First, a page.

01 – Aerial view of Squaw Valley Ski Area in winter, Courtesy Squaw Valley USA, photo by Nathan Kendall.
02 – Wayne Poulsen 1930s, Courtesy Poulsen Family Collection
03 – Alexander Cushing in 2004, Courtesy Squaw Valley USA, photo by Hank de Vre.
04 – Alex Cushing and a group of investors get a tow up the mountain on the back of the Reindeer Clipper. Courtesy Poulsen Family Collection.
05 – Poulson Group news article, Nevada State Journal, March 1, 1949.
Squaw Valley may never have become a setting worthy of hosting the Winter Games had it not been for the vision of Wayne Poulsen, an accomplished all-around skier from Reno, Nevada, who spent a month in 1931 camped in the valley with a friend whose father tended flocks of sheep there. Squaw Valley had traditionally been an idyllic retreat and seasonal range for cattle and sheep in the first half of the 20th century, but the visionary Poulsen saw the potential for a ski resort in the tradition of the European mountain resorts and began buying up land in the valley.
Always a dreamer, Poulsen would share his captivating vision of a Squaw Valley ski resort with anyone who would listen. This turned out to be a fortuitous habit, because it would eventually lead to a chance meeting with Alexander Cushing, a Harvard-educated lawyer from a privileged East Coast family who would help set the wheels in motion to realize Poulsen’s dream.
Like Poulsen, Cushing was a dreamer. An avid skier, he made a trip out west in 1946 with Poulsen to find the snow that had skipped the Eastern Resorts that year. While skiing at Sugar Bowl near Donner Summit, Cushing overheard Poulsen talking about Squaw Valley and his dream resort. Intrigued, Cushing accompanied Poulsen to scout Squaw Valley, and the two men later agreed to form a partnership that would launch a ski resort. Poulsen had the land and technical expertise, and Cushing raised and contributed the needed capital.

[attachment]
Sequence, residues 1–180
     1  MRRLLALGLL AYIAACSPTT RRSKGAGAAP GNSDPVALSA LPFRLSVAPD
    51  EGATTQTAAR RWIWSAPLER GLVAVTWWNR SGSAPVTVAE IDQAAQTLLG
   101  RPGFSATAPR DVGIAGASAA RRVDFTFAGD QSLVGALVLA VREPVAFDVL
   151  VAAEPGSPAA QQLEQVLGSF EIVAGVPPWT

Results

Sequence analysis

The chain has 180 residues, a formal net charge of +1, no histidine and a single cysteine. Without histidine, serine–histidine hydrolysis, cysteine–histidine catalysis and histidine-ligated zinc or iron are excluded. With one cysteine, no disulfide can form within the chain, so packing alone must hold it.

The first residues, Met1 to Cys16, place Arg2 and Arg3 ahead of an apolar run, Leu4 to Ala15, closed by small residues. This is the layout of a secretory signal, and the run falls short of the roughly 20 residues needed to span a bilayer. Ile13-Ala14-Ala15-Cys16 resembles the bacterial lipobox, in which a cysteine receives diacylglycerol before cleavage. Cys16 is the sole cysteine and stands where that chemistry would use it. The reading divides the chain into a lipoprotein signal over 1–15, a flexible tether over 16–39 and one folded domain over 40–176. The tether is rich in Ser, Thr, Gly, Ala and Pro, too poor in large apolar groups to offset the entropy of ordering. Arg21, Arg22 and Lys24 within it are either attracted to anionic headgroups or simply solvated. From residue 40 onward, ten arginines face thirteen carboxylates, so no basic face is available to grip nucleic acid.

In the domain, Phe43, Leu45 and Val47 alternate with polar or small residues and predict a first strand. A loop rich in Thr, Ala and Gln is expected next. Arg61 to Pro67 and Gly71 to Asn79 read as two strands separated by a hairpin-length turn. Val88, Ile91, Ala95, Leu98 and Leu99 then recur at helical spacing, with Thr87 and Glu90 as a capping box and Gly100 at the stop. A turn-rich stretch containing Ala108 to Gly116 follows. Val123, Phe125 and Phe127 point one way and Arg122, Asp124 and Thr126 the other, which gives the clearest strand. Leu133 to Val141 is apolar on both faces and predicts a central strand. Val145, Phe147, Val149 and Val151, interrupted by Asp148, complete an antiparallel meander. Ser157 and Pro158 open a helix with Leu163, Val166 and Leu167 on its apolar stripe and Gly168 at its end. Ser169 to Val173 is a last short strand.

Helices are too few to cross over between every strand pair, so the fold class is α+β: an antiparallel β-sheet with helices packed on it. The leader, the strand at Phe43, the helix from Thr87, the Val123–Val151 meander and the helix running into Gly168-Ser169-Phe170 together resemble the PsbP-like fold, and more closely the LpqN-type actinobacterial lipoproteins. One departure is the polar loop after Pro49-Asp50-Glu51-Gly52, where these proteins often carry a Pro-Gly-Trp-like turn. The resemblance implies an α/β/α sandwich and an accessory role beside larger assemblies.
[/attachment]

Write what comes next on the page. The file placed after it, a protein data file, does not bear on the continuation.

But Cushing’s dream did not stop there. In the midst of bootstrapping up a ski area and recovering from disaster (the main lodge burned in the fifth year of operation), Cushing had a bold idea. He had recently learned that nearby Reno, Nevada had put in a bid to secure the 1960 Olympic Winter Games, and he mused that surely a superior Squaw Valley could submit a credible bid and, in the process, gain wider public attention, even if the gambit ultimately failed.
Little did Cushing know that, far from failing, the gambit would win the bid for the Olympics, and that first scouting trip in the winter of 1946 would culminate in an historical Olympic Winter Games that forever changed the Lake Tahoe-Reno region and brought forth a completely new economy.